The research and development (R&D) tax credit can be a valuable tool for companies that conduct R&D, including the invention of patented products and processes. One of the rationales for patents is that they stimulate economic and technological development and promote competition by creating a financial motivation for invention in return for the disclosure of the invention to the public. The potential of the patent system has been widely recognized in the context of dynamic innovation activities.
One of the major functions of the patent system is the dissemination of technical information. Patent information is a valuable and comprehensive source of technical, commercial and legal information that can be used directly for scientific and experimental purposes and as a basis for stimulating the adaptation and improvement of the technology described in patent documents immediately after their publication. Recognizing the importance of the dissemination of technical information, a growing number of IP offices and organizations are using the internet to offer access to their patent documents' databases.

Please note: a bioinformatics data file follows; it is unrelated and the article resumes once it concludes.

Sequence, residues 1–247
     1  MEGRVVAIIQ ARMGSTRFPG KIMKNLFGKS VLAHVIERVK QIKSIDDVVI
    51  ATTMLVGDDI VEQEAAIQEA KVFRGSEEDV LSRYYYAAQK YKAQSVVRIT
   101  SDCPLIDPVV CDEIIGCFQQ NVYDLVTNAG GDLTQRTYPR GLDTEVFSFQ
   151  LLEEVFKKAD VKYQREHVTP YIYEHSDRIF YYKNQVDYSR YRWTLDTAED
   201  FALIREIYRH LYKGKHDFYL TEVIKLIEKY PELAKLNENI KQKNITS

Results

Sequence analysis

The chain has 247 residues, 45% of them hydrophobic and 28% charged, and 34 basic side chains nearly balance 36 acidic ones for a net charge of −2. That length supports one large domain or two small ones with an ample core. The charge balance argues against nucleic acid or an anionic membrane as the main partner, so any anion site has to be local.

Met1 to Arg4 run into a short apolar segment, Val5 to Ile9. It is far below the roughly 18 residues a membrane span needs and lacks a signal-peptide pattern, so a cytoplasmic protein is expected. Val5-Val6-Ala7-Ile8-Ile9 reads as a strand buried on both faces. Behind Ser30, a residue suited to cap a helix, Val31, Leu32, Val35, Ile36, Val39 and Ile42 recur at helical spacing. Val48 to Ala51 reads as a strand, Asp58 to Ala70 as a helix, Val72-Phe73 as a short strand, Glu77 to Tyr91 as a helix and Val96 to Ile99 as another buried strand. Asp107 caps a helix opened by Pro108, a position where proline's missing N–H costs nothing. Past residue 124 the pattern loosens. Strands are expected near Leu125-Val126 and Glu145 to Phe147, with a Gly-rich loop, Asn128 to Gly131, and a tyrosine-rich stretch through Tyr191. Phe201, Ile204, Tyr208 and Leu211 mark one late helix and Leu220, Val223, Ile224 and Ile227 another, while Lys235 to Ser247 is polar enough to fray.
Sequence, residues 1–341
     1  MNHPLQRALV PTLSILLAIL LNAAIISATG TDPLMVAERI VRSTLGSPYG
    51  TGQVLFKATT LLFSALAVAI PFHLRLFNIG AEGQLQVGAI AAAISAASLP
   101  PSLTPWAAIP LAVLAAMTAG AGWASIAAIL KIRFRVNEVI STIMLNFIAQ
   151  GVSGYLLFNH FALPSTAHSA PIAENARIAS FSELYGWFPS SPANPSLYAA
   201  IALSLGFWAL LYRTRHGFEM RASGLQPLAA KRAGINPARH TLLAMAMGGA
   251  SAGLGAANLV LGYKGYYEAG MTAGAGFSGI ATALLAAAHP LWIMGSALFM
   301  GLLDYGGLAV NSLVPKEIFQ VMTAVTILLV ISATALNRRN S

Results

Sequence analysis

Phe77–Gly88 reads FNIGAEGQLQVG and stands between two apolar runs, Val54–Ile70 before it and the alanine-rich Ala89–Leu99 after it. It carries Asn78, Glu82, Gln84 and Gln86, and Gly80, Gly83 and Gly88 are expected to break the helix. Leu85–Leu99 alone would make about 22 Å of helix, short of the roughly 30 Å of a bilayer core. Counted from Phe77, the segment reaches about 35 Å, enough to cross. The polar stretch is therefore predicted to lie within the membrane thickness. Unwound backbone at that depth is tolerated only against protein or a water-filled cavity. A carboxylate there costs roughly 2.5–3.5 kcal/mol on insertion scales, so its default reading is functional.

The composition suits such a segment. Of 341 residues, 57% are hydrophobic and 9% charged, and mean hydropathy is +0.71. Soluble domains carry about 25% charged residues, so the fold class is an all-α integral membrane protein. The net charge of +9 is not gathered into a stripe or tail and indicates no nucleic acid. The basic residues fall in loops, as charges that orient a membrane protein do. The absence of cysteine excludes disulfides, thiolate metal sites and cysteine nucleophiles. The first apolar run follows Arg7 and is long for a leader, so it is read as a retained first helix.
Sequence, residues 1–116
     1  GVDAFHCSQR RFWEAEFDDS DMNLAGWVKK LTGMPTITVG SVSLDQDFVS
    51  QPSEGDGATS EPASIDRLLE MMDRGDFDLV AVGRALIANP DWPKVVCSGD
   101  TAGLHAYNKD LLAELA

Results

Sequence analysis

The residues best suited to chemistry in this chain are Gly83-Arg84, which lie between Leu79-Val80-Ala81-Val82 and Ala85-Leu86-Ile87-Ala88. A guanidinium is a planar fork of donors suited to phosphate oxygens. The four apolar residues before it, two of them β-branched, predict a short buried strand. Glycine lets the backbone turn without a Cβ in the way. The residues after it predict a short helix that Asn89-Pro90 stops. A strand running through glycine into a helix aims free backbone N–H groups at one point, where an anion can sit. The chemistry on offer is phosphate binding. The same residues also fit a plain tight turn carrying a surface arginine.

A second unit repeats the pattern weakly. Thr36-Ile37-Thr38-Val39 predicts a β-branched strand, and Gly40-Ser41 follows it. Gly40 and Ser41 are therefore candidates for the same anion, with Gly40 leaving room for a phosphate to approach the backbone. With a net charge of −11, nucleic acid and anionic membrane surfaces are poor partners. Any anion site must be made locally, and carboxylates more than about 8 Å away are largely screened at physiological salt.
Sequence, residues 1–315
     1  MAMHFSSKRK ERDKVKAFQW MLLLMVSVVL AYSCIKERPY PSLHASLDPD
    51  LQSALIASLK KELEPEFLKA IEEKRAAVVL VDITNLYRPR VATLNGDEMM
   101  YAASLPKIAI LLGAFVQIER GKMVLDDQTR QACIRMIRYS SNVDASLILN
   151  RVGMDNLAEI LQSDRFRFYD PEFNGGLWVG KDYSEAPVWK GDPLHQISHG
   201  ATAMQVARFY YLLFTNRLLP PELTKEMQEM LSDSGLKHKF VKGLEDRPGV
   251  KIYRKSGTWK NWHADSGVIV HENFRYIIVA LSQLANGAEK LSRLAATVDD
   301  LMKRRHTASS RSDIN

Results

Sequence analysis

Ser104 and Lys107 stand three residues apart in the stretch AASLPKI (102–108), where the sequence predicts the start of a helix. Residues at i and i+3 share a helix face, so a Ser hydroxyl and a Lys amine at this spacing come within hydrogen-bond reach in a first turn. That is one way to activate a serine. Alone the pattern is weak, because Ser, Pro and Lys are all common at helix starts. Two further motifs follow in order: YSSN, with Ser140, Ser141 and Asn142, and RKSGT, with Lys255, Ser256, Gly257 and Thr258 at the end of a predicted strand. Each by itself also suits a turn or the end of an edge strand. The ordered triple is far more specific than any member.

Considerations to Know About the R&D Tax Credit
- It provides a 14-percent credit on qualifying expenditures.
- The costs and legal fees for IP/patents are considered an R&D expenditure. Note that the R&D costs required to develop the idea being patented cannot be included in the capitalized cost of a patent. These R&D costs are instead charged to expense as incurred.
- R&D is inherently risky, without assurance of future benefits, so it should not be considered an asset.
The FI-Group is an international tax consultancy that specializes in the implementation of state and federal tax incentives and research and development (R&D) tax credits for corporations. The FI team consists of CPAs, engineers, IT, legal and business operation specialists. With more than 13,500 clients in 19 countries, their clients’ benefits exceed more than $2 billion in tax savings annually.